Today, my aunt tried to convince me that I had a guardian spirit.
“She’s an India with long, black hair. Brown eyes. Dark skin…”
“Mami?” I asked, my usual skepticism shattering as if I had ripped the string holding the rosary beads together.
“Your mother? No, no. Not her. Nydia doesn’t follow you anymore.” She pursed her lips around the yellow cigarette filter, shaking her head as she inhaled. When she spoke, smoke slithered from her nose and lips. “She only appears in my dreams now.”
My mother died the summer before my ninth grade year. In contrast to my aunt and my grandmother, I never again saw her afterwards, not in my dreams, not standing next to my grandfather’s spirit at the chinero, which Helga Luz claimed was a favorite observation point for the spirits. Only once did she come to me, on the very night of her murder. I had not been with her, instead asleep in the room my grandparents reserved in their house for me. When the police arrived, I was forced to confront a world in which she no longer existed.
My other aunt, Letty – gentler, kinder and less afflicted by the supernatural then Helga Luz – took pity on me and slept next to me that night. My grief was so unbearable, I didn’t think I’d find rest. But somehow, I did. Mami visited me that night and comforted me, though I can no longer recall the details. The dream had been so real, I’d forgotten she’d died until I woke and found the wrong woman sleeping next to me. I screamed for what seemed like hours and maybe that’s why Mami never came back.
“Now, about this India —”
“You’re just making her up.”
“Aye, mija. You grab at your mother like you are trying to hold on to water.” Her slender, heavily ringed fingers swiped at the cloud of death in front of her. “La India is here with you. But you need to tell her to stop scaring the other spirits. Your grandfather won’t come out of the bathroom because she keeps looking at him with fire in her eyes.”
“I can’t control what doesn’t exist.”
“She exists —”
“And even if she does, I didn’t even know until ten minutes ago that she was following me around.”
Helga Luz sighed heavily, sucking in the white-grey fumes which floated around her. She should be dead by now, living on such contaminated air. “You young people. You come to this country, forget the saints, and then you wonder why the spirits are upside down. Let me make an altar for you—”
“I don’t want an altar.”
“If you make an altar and bind her to you, La India will behave. Right now, she is too angry to control, just like you.”
“I’m not angry!” I slammed my hand down on the table.
She stared at me as if bored, then lit another Newport menthol with the butt of a nearly expended cigarette, the burning tip flaring like the light of a train emerging from a tunnel each time she took a drag. The smoke hung in evanescent cobwebs on the forest of her thick, auburn-tinted hair. She blew the smoke slowly, deliberately, into my face. The world froze, then shifted out of focus. Her eyes, deep green flecked with amber and brown, grew large and brightening, forcing me to turn away.
“Bind her to you,” she whispered.
I leaned back, then rocked sideways, the air having turned to the thick consistency of heavy cream. It surrounded me, lapping at my skin, my eyelids, my lungs. I gripped the table.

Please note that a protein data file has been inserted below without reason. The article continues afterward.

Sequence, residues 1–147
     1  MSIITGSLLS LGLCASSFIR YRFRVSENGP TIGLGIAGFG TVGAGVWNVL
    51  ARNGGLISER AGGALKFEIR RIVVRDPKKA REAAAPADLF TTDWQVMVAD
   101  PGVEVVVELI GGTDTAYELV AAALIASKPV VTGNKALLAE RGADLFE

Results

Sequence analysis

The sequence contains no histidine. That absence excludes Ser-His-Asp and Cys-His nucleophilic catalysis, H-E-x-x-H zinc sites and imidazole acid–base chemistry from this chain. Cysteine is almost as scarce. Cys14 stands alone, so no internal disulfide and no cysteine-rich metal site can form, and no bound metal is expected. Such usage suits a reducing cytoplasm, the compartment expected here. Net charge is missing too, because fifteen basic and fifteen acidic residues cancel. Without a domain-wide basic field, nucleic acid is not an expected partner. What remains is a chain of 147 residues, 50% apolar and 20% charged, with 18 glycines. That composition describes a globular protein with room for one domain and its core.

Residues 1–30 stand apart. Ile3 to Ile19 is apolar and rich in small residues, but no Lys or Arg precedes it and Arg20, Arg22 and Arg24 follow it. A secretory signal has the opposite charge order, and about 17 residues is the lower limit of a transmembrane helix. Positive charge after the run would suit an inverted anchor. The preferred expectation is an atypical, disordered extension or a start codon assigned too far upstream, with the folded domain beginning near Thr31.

Her eyes flared brighter, and the regular hum of the old, aluminum refrigerator became a howl of fury and distant grief.
“Bind her to you,” she repeated, though her lips did not move.
My skin prickled, even beneath my warm sweater and jeans. My feet were freezing, though they were swaddled in socks and boots. The old, worn chinero was a presence looming over me, a dark woman stretching her web of dead arms to touch me. I wanted scream, but knew it would only emerge like a gurgle in air which had become unbreathable.
“Bind her to you.” she chanted, over and over, her eyes and hair on fire, blocking out everything in my vision. The world was unreachable and I was going blind. But I had the certainty that it was there, it must be there, even if I could not see it.
“Bind her to you.”
“No!” I shouted, shoving myself upright, the chair falling back with a loud thud on the linoleum floor. The noise snapped my vision back into place, sweeping away the flaming hair, the penetrating eyes, the viscous, suffocating air. I didn’t realize until I heard my rough, raspy breathing that I was gasping for air.
Helga Luz sighed. She stood, picking up the seashell ashtray, flicking the ash from her cigarette. She no longer spoke to me but to some point beyond the bookcase next to the corridor, in the direction of the bathroom. “I tried, papá. You’ll just have to wait in there until she leaves,” she said as she made her way towards the corridor.
“Where are you going?” I gasped, still struggling to breathe.
“Get twenty dollars from the top drawer of the cabinet and go buy me olive oil and rice. I’m laying down for a nap.”
I shook my head, freeing myself of what remained of that moment, and unable to believe that everything had returned to its same monotony. I was nauseous and my head was still swimming. “That’s it?”
She ignored me, her cigarette cloud following her like a retinue as she disappeared into the darkness of the corridor, leaving me alone in the company of those unrequited spirits.
NOTE: *chinero – china cabinet
About the Author:
Sera Taíno was born in Jersey City, NJ to Puerto Rican parents. She studied English Literature in Rutgers University and has a Masters in Education from Stetson University. A teacher by day, she is also a published writer. Her credits include contributions to multiple romance anthologies. As a cross-genre writer, she also writes poetry and literary fiction, all with romantic elements. She is currently at work on a New Adult Romance, tentatively entitled At Summer’s End, and various other short works.